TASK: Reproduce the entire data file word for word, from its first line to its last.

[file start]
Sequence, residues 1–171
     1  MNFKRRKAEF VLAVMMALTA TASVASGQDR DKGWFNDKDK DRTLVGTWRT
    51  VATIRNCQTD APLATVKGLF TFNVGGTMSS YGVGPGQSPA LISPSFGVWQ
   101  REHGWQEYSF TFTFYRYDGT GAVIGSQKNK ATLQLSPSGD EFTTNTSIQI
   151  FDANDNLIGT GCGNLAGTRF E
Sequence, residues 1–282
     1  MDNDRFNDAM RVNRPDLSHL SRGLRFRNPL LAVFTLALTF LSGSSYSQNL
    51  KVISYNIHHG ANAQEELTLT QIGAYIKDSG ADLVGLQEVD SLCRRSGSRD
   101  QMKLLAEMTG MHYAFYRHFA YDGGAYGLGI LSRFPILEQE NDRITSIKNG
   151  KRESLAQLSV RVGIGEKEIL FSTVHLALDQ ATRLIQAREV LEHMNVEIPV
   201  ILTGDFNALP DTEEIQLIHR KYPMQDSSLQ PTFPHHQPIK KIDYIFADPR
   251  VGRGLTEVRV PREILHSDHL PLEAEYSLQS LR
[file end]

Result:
Sequence, residues 1–171
     1  MNFKRRKAEF VLAVMMALTA TASVASGQDR DKGWFNDKDK DRTLVGTWRT
    51  VATIRNCQTD APLATVKGLF TFNVGGTMSS YGVGPGQSPA LISPSFGVWQ
   101  REHGWQEYSF TFTFYRYDGT GAVIGSQKNK ATLQLSPSGD EFTTNTSIQI
   151  FDANDNLIGT GCGNLAGTRF E
Sequence, residues 1–282
     1  MDNDRFNDAM RVNRPDLSHL SRGLRFRNPL LAVFTLALTF LSGSSYSQNL
    51  KVISYNIHHG ANAQEELTLT QIGAYIKDSG ADLVGLQEVD SLCRRSGSRD
   101  QMKLLAEMTG MHYAFYRHFA YDGGAYGLGI LSRFPILEQE NDRITSIKNG
   151  KRESLAQLSV RVGIGEKEIL FSTVHLALDQ ATRLIQAREV LEHMNVEIPV
   201  ILTGDFNALP DTEEIQLIHR KYPMQDSSLQ PTFPHHQPIK KIDYIFADPR
   251  VGRGLTEVRV PREILHSDHL PLEAEYSLQS LR